Launched in 2000, the UN Global Compact is a strategic policy initiative for businesses that are committed to aligning their operations and strategies with ten universally accepted principles in the areas of human rights, labour, environment and anti-corruption. The three environment-related principles (7-9) states that business should: support a precautionary approach to environmental challenges; undertake initiatives to promote greater environmental responsibility and encourage the development and diffusion of environmentally friendly technologies. With over 8.700 corporate participants and other stakeholders from over 130 countries, it is the largest voluntary corporate responsibility initiative in the world.
In the Roadmap to a Resource Efficient Europe COM (2011) 571, part of the milestone under boosting efficient production is that by 2020 “All companies, and their investors, can measure and benchmark their lifecycle resource efficiency”.
No quantitative targets have been identified but the Roadmap to a Resource Efficient Europe COM (2011) 571 has a relevant milestone.
Related policy documents
REPORT on corporate social responsibility: a new partnership (2006/2133(INI)) Committee on Employment and Social Affair
COM(2001) 366 final Green Paper Promoting a European framework for Corporate Social Responsibility
COM(2001) 366 final Green Paper Promoting a European framework for Corporate Social Responsibility
Communication on Corporate Social Responsibility (CSR).
COM(2006) 136 final
IMPLEMENTING THE PARTNERSHIP FOR GROWTH AND JOBS: MAKING EUROPE A POLE OF EXCELLENCE ON CORPORATE SOCIAL RESPONSIBILITY
COM(2011) 571 Roadmap to a Resource Efficient Europe
COM(2011) 571 Roadmap to a Resource Efficient Europe ( http://ec.europa.eu/environment/resource_efficiency/about/roadmap/index_en.htm )
Regulation No 1221/200: EMAS Regulation
REGULATION (EC) No 1221/2009 OF THE EUROPEAN PARLIAMENT AND OF THE COUNCILof 25 November 2009on the voluntary participation by organisations in a Community eco-management and audit scheme (EMAS), repealing Regulation (EC) No 761/2001 and Commission Decisions 2001/681/EC and 2006/193/E
The Future We Want –Declaration of the UN Conference on Sustainable Development, Rio (2012)
The Future We Want is the declaration on sustainable development and a green economy adopted at the UN Conference on Sustainable Development in Rio on June 19, 2012. The Declaration includes broad sustainability objectives within themes of Poverty Eradication, Food Security and Sustainable Agriculture, Energy, Sustainable Transport, Sustainable Cities, Health and Population and Promoting Full and Productive Employment. It calls for the negotiation and adoption of internationally agreed Sustainable Development Goals by end 2014. It also calls for a UN resolution strengthening and consolidating UNEP both financially and institutionally so that it can better disseminate environmental information and provide capacity building for countries.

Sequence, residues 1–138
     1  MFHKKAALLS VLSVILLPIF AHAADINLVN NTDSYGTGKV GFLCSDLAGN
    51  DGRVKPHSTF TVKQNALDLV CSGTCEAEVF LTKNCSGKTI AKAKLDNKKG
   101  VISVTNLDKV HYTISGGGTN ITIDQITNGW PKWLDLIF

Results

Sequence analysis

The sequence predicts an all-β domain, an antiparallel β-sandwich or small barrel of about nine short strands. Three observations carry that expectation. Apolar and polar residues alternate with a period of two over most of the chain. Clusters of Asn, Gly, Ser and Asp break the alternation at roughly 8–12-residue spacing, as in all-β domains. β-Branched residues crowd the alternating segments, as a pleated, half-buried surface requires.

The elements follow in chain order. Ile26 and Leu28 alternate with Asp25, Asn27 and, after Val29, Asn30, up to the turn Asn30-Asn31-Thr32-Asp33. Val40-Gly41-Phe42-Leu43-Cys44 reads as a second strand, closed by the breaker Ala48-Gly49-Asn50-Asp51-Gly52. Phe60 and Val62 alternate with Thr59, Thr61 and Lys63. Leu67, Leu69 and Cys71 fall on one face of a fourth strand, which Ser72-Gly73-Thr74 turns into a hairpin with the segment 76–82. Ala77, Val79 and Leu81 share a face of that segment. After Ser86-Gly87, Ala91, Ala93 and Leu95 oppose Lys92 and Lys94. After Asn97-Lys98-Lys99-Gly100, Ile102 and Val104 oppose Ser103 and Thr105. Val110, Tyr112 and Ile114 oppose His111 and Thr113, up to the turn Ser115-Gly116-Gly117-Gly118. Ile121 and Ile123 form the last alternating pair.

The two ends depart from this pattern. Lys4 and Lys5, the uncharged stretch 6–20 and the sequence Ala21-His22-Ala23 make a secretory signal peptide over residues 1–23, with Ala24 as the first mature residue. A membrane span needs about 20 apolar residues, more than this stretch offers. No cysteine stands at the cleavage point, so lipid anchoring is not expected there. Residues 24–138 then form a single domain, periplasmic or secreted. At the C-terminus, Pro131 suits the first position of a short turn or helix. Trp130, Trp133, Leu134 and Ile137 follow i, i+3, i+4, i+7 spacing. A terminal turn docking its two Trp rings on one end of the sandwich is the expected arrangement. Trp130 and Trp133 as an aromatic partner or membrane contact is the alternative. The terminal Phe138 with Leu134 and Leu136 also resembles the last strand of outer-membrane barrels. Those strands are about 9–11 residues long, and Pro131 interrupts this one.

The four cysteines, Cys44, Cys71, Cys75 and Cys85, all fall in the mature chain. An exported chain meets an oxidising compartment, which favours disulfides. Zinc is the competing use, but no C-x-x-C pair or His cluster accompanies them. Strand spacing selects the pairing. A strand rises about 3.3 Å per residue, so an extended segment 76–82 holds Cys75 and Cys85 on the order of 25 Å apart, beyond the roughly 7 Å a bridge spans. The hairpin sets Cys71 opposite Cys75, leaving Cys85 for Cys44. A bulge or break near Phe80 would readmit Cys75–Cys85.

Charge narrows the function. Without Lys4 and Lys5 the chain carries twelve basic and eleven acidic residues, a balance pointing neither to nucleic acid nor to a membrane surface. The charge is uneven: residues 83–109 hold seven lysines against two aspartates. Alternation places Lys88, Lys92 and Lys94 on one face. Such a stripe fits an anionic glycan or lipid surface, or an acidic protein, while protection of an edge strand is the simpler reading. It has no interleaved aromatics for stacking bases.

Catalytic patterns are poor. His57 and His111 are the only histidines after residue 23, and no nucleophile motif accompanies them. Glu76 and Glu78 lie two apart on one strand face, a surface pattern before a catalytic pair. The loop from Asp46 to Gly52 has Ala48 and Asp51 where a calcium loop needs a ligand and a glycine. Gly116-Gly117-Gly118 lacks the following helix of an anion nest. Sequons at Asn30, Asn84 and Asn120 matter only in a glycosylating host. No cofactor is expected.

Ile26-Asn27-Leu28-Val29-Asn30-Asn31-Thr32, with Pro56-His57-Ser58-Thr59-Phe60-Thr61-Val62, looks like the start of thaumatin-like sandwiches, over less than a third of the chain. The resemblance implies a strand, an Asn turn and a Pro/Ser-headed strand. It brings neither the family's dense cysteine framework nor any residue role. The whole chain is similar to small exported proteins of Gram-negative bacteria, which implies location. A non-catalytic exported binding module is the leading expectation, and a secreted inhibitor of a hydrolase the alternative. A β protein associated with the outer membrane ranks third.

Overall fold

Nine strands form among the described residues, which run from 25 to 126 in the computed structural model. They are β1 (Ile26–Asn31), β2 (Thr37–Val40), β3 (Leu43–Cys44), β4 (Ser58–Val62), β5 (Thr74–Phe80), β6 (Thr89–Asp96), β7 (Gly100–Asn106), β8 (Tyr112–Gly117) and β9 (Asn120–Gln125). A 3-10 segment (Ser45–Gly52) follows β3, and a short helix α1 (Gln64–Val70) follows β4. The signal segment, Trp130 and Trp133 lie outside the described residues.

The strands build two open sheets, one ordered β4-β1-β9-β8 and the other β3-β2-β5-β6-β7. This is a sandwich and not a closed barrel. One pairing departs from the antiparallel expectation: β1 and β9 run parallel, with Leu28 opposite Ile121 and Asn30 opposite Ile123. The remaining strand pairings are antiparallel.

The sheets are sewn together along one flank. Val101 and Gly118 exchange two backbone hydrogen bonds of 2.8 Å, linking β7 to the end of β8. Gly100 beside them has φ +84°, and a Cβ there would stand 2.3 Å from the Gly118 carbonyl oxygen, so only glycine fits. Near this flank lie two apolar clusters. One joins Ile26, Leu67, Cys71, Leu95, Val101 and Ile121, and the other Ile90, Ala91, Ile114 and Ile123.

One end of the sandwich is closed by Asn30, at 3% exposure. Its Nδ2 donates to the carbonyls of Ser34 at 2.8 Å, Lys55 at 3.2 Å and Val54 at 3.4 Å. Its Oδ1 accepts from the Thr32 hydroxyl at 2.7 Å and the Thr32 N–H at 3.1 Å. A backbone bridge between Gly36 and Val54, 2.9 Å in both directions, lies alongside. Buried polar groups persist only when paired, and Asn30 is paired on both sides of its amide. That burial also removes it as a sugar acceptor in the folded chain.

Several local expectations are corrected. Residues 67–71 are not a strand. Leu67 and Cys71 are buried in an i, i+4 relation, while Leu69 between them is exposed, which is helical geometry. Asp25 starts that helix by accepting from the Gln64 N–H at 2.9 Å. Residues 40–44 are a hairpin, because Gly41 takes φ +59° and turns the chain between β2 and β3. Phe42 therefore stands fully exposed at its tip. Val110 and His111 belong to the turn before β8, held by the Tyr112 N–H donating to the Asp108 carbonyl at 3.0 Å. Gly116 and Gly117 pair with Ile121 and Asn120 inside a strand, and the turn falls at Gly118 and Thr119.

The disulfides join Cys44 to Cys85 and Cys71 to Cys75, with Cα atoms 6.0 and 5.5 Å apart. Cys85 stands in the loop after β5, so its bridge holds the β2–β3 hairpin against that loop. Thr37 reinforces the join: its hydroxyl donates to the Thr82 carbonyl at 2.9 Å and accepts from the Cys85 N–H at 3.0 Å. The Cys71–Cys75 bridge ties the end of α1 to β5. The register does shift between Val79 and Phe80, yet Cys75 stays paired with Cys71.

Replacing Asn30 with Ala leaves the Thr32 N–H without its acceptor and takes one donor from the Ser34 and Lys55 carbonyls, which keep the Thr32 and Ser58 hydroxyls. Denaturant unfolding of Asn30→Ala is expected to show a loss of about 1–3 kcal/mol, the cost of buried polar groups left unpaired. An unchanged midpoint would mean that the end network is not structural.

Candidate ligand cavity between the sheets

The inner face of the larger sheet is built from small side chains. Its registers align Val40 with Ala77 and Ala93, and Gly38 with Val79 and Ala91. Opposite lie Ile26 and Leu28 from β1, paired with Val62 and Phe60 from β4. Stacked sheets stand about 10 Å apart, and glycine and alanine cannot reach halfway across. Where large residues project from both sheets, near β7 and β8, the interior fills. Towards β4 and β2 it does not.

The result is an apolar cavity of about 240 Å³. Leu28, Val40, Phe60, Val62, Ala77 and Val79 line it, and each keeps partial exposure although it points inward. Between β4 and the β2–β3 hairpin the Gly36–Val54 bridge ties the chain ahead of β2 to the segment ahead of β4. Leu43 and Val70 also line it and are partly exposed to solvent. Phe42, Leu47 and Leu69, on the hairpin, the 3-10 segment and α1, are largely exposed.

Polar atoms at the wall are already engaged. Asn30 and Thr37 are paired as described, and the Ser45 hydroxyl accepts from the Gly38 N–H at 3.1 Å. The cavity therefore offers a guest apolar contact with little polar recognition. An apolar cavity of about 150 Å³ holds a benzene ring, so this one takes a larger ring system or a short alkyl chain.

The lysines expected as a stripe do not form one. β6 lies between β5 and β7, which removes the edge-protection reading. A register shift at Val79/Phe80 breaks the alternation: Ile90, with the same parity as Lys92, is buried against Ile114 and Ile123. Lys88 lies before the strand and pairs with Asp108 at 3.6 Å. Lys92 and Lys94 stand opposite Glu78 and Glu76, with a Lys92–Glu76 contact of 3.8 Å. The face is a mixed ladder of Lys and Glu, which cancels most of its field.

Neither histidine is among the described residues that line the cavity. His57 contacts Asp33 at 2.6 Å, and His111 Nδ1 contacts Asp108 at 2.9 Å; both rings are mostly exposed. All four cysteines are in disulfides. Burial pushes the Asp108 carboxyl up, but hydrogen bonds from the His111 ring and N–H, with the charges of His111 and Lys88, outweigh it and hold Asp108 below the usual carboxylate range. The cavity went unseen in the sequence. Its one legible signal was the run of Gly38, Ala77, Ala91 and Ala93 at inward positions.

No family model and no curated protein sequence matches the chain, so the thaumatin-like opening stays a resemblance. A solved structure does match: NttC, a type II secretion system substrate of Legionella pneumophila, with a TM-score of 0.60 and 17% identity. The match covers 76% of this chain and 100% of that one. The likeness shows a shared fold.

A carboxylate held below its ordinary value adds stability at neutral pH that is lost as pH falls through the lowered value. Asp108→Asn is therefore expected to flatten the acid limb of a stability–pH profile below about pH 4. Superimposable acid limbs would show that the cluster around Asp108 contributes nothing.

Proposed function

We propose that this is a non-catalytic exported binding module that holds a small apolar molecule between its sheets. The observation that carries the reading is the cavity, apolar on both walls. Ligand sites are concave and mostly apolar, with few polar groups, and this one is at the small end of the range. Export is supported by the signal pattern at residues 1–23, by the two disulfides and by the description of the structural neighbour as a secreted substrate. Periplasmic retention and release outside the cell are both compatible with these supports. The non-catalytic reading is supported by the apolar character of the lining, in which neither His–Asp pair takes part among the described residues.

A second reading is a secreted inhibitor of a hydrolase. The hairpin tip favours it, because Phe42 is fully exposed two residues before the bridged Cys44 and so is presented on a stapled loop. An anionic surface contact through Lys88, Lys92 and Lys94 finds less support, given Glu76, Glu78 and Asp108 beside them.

Methodology for indicator calculation
Figure 1: Data were extracted from the Eurostat database without any modification.
Figure 2: In order to calculate the number of organisations that have been certified with ISO14001 in the EU-15 countries, the raw values for each EU-15 country for each year are added up. The number of organisations for the EU-12 is calculated in a similar manner.
Methodology for gap filling
No gap filling was necessary for producing this indicator.
No methodology references available.
EEA data references
- No datasets have been specified here.
External data references
- Organisations and sites with EMAS (Eco-Management and Audit Scheme) registration
- Number of ISO 14001 certified companies in Europe
Data sources in latest figures
No uncertainty has been specified.
Data sets uncertainty
The Eurostat Quality Profile for the data on EMAS registrations can be viewed here: http://epp.eurostat.ec.europa.eu/portal/page/portal/sdi/files/Organisations%20with%20a%20registered%20environmental%20management.pdf
According to the quality profile the accuracy of the indicator is restricted because it only describes part of the picture: not all organisations and sites are registered and Member States often have developed their own EMAS-like system. However, this is in part a relevance issue of the indicator rather than an issue of the accuracy of the EMAS certification data (see under rationale uncertainty).
Firstly, the indicator only provides information on environmental management and not corporate social responsibility which is also the subject of the policy question.
Secondly, the indicator does not reflect the complexity of environmental management systems amongst organisations in Europe. Many companies, in particular SMEs, may be engaging in EMS but due to the administrative demands of third party verification systems, are not applying for EMAS or ISO14001 certification. The indicator may therefore provide a measure of the extent to which large businesses are engaging in environmental management.
Using absolute numbers rather than the share of companies (or share in total output by those companies) voluntarily adopting environmental management standards for their operations reduces the relevance of the indicator. The indicator shows relative growth in number of companies engaging but not their significance in the overall economy.
Short term work
Work specified here requires to be completed within 1 year from now.
Long term work
Work specified here will require more than 1 year (from now) to be completed.
Responsibility and ownership
EEA Contact InfoAlmut Reichel
Frequency of updates
Typology: Descriptive indicator (Type A - What is happening to the environment and to humans?)
For references, please go to www.eea.europa.eu/soer or scan the QR code.
This briefing is part of the EEA's report The European Environment - State and Outlook 2015. The EEA is an official agency of the EU, tasked with providing information on Europe’s environment.